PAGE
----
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HomeExclusiveCan Breast Cancer Be Passed On Genetically

Can Breast Cancer Be Passed On Genetically

Talking About Family Health History With Your Health Care Provider

What is Gene Positive Breast Cancer?

Your family history of breast cancer and other health conditions is important to discuss with your health care provider. This information helps them understand your risk of breast cancer.

Susan G. Komen®s My Family Health History Tool

My Family Health History tool is a web-based tool that makes it easy for you to record and organize your family health history. It can help you gather information thats useful as you talk with your doctor or genetic counselor.

Scientists Reveal Which Genes Come From Your Mom And Which You Get From Your Dad

If youve heard someone tell you something like, You are a copy of your mother, you should know that this is a false statement. In fact, we are more like our fathers, and not our mothers. Besides, there is a theory that a fathers lifestyle before the conception of the baby, including the food he eats and how he feels, are the basis of the future health of the baby. This article will tell you about the traits that are inherited from the father and which are from the mother.

Bright Side wants you to remember that even if you have good genes, you should still maintain a healthy lifestyle. Because, in the end, your lifestyle is the key factor to how you will look and feel.

Most of the time, children inherit the shape of the tip of their nose, the area around their lips, the size of their cheekbones, the corners of their eyes, and the shape of their chin. These are the key areas highlighted during facial recognition, and people whose have similar-looking areas that we mentioned above, will appear almost identical to us.

And the area between the eyebrows is often very different.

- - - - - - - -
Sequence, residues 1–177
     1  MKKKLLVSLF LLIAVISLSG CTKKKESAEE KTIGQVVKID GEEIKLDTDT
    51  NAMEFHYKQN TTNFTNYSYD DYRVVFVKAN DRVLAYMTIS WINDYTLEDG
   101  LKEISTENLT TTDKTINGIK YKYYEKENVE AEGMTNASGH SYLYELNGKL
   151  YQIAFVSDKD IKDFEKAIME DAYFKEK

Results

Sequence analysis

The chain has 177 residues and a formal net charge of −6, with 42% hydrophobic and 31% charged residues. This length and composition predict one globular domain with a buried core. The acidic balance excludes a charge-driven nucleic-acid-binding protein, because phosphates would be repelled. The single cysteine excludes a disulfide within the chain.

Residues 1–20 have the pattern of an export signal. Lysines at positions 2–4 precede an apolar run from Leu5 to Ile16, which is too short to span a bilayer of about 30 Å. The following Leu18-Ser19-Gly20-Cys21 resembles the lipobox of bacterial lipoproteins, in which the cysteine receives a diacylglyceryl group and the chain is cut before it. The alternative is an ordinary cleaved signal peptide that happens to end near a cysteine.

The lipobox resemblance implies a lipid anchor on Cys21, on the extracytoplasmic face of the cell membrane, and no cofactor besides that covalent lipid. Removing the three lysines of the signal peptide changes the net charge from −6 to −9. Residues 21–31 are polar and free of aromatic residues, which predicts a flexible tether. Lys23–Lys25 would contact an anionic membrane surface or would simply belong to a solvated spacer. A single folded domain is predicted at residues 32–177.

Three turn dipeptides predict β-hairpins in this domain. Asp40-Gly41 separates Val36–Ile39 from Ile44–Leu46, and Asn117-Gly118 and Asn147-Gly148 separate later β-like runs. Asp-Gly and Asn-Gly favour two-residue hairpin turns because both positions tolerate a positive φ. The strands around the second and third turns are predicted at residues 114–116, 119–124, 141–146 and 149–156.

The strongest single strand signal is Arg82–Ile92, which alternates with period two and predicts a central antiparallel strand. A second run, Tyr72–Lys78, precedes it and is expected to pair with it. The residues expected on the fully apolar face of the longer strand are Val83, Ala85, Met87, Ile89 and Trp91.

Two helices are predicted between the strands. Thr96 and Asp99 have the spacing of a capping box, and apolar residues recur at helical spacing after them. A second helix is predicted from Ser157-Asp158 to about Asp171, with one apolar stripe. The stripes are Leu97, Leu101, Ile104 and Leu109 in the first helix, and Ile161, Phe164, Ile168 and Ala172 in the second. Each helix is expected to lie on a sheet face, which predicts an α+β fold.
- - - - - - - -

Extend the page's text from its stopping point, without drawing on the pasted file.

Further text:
Reese Witherspoons daughter inherited her mothers blue eyes, the shape of cheekbones, chin, and nose tip.

Mothers genes are usually 50% of a childs DNA, and fathers genes are the other 50%. However, male genes are much more aggressive than female ones, thats why they are usually more prominent. So, there are usually 40% of active female genes and 60% of active male genes.

Genetic Tests For Hereditary Cancer Syndromes

Genetic tests for mutations that cause hereditary cancer syndromes are usually requested by a persons doctor or other health care provider. Genetic counseling can help people consider the risks, benefits, and limitations of genetic testing in their particular situations.

A genetic counselor, doctor, or other health care professional trained in genetics can help an individual or family understand their test results and explain the possible implications of test results for other family members.

People considering genetic testing should understand that their results may become known to other people or organizations that have legitimate, legal access to their medical records, such as their insurance company or employer, if their employer provides the patients health insurance as a benefit. Legal protections are in place to prevent genetic discrimination, including the Genetic Information Nondiscrimination Act of 2008 and the Privacy Rule of the Health Information Portability and Accountability Act of 1996.

The page on Genetic Testing for Inherited Cancer Susceptibility Syndromes has more information on what tests are available and who may want to consider them.

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What Is Hereditary Breast Cancer

All cancer is caused by abnormalities, also known as mutations, in someones genes. Although most mutations happen by chance and some are thought to be caused by environment and lifestyle, some mutations are passed down and cause hereditary breast cancer. According to The American Cancer Society, 12- 14 percent of breast cancer is caused by an inherited gene mutation, which can be passed down from either the maternal or paternal side of the family.

The most common cause of inherited breast cancer risk is a mutation in the BRCA1 or BRCA2 genes. People who carry the mutation in these genes have a condition called Hereditary Breast and Ovarian Cancer Syndrome . Women with HBOC have up to an 87 percent risk of developing breast cancer by age 70. To compare, an average womans lifetime risk of developing breast cancer is around 7 percent. Women with HBOC also have a 63 percent risk of developing ovarian cancer, compared to .7 percent for the average woman. Men with HBOC have an increased risk for breast cancer and prostate cancer.

Mutations in other genes like TP53, PTEN, CDH1, PALB2, CHEK2, ATM, NBN and BARD1 are also associated with breast cancer.